The Untold Story: Chinese American History in Oregon
The Chinese American population that began immigrating to Oregon during the mid-nineteenth century made, and continues to make, a profound impact on the fabric of our state and our nation. From building infrastructure through the railroad and mining industries, to establishing restaurants and laundry businesses, to initiating advancements in pharmaceutical care, the stories of Chinese Americans are rich and reach all borders of the state.
Over the next several months, the Oregon Historical Society will sponsor over thirty programs at local historical societies and libraries across Oregon, where audiences will have the opportunity to learn about some of the many ways Chinese Americans have shaped our state. One of these programs, by Helen Ying, is being hosted by the North Lincoln County Historical Museum on Saturday, March 26th at 1 pm, NLCHM Museum, 4907 SW Highway 101, Lincoln City.
Ying’s program takes audiences down the historical lane of the Pendleton Chinese community, including the history of the underground city, where people retreated to escape discrimination. Rediscovered after being unnoticed for many years, the story includes legal and illegal businesses that operated for over 100 years. Ying spent three decades as an educator in Portland and has served on many civic and community boards and committees related to education and Chinese communities. Learning from the past, educating the present, and informing the future is the motto that drives her passion.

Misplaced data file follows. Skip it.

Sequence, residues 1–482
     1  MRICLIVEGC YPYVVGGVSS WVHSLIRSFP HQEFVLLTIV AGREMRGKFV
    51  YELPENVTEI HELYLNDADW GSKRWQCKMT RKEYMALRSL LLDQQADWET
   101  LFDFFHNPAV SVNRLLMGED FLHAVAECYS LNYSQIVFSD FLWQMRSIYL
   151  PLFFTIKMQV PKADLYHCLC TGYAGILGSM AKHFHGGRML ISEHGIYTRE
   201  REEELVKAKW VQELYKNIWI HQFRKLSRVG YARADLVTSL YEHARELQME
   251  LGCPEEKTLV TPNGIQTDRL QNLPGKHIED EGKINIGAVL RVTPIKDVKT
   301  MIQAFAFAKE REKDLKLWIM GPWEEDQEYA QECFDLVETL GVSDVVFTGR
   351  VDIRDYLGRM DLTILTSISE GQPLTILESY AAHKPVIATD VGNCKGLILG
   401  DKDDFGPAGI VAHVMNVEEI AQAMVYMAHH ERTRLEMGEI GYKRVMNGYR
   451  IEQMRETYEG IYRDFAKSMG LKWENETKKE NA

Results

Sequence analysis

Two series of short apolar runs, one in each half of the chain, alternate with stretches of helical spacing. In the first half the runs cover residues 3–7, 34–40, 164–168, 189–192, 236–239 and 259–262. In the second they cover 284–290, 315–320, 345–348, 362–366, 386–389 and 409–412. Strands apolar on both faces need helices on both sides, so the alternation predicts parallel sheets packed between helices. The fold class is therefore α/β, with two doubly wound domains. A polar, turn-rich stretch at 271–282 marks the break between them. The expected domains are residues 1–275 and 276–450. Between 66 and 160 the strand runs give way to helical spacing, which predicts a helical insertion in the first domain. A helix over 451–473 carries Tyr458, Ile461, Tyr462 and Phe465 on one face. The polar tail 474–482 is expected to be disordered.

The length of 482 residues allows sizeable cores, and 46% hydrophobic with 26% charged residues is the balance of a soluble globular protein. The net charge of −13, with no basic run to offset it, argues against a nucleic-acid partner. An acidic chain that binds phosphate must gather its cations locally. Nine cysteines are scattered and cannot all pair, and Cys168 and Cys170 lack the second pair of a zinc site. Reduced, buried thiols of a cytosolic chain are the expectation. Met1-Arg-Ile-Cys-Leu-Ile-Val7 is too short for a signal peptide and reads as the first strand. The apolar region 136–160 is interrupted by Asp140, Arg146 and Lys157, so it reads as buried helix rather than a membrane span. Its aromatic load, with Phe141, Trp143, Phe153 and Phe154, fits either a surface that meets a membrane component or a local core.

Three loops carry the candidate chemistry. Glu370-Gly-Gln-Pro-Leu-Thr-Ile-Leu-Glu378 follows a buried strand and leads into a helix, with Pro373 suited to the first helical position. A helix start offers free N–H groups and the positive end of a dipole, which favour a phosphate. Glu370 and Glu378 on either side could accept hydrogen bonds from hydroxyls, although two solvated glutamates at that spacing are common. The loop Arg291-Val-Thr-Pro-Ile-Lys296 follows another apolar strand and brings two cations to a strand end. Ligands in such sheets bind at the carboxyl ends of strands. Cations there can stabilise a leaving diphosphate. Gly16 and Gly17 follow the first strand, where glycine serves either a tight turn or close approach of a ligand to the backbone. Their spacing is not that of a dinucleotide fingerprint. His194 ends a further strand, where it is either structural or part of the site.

Admission to the museum, located at 4907 SW Hwy 101, is free and parking is available across the street. For more information contact Anne Hall, 541-996-6698. This program is made possible by the Oregon Historical Society as part of their Chinese Oregon Speaker Series.